Foreign Direct Investment in Authoritarian States

Thumbnail Image

Publication or External Link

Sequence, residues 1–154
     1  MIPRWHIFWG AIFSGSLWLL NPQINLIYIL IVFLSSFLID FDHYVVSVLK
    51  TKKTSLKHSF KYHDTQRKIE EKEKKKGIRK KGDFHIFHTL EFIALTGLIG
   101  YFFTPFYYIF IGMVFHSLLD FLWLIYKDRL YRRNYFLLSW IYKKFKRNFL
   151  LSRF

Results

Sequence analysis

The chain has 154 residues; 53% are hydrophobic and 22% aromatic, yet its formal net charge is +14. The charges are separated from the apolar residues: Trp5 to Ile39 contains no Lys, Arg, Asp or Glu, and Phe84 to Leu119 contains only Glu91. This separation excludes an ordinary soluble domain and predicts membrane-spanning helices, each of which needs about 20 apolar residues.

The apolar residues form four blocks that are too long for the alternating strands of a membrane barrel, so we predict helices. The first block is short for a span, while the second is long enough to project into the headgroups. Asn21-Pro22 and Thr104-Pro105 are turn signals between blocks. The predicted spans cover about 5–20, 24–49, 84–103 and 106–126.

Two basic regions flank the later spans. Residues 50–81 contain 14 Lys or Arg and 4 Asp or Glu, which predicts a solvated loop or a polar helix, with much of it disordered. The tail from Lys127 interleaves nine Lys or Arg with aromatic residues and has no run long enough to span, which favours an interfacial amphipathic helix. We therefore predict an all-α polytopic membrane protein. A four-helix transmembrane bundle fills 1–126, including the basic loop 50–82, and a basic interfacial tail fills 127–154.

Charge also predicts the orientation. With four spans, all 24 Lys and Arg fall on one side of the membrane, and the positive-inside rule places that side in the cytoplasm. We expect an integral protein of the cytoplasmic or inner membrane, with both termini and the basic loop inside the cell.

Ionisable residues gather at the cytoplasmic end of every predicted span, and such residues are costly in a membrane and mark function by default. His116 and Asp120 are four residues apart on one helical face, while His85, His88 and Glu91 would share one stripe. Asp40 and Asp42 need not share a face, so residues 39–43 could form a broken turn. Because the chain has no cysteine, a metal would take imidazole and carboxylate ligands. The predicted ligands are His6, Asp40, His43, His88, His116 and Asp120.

In this dissertation, I examine autocracies and demonstrate why some autocratic regimes attract considerable investment whereas others do not. I advance two primary claims. The first is that autocratic regimes in which there is political competition actually receive less FDI than those in which there is less competition. Autocratic states tend to have weak institutional protections for investors, which causes greater uncertainty for businesses that fear costly policy changes. Therefore, when political competition in autocracies is greater, investors become more cautious and FDI inflows decline. The second claim is that FDI is more targeted to certain sectors in autocratic states with less political competition. This is because autocratic leaders seek to use FDI as a private good to favor members of their winning coalition. Therefore, autocrats with smaller coalitions (i.e., less political competition) will use policy to steer the benefits of FDI more narrowly. This is important because the use of FDI as a private good in this way tends to entrench authoritarianism. In analyzing both claims, I also examine the relative number of economic elites in a state, which I argue is an important and fundamental indicator of competition over policy (alongside the political measures), because it determines the size of an autocrat’s winning coalition. I find strong support for both of these hypotheses, using a wide range of novel data that I have compiled from several unique sources and various private organizations. I examine the volume and sectoral concentration of FDI in thousands of cases involving more than 100 non-democratic states over a 42-year period, beginning in 1980. In order to measure foreign investors’ perceptions of the policy environment in nondemocratic states, I also utilize data from an automated textual analysis of quarterly earnings calls of publicly traded firms located in authoritarian settings. Even after controlling for other factors, I first find that greater political competition is associated with greater perception of risk by foreign investors and lower FDI inflows. To measure the number of economic elites relative to economic activity, I employ a novel measure of stock market concentration that estimates the degree to which a market is either oligarchic or diversified. These results are important and timely because many of the largest recipients of FDI globally are now autocratic states. This means that large segments of the global population will depend on authoritarian governance to attract FDI, which is widely considered important to global economic development. Furthermore, understanding whether or not we can expect FDI to have a democratizing impact on autocratic government is crucial to developing expectations about how FDI will shape global politics in the decades to come.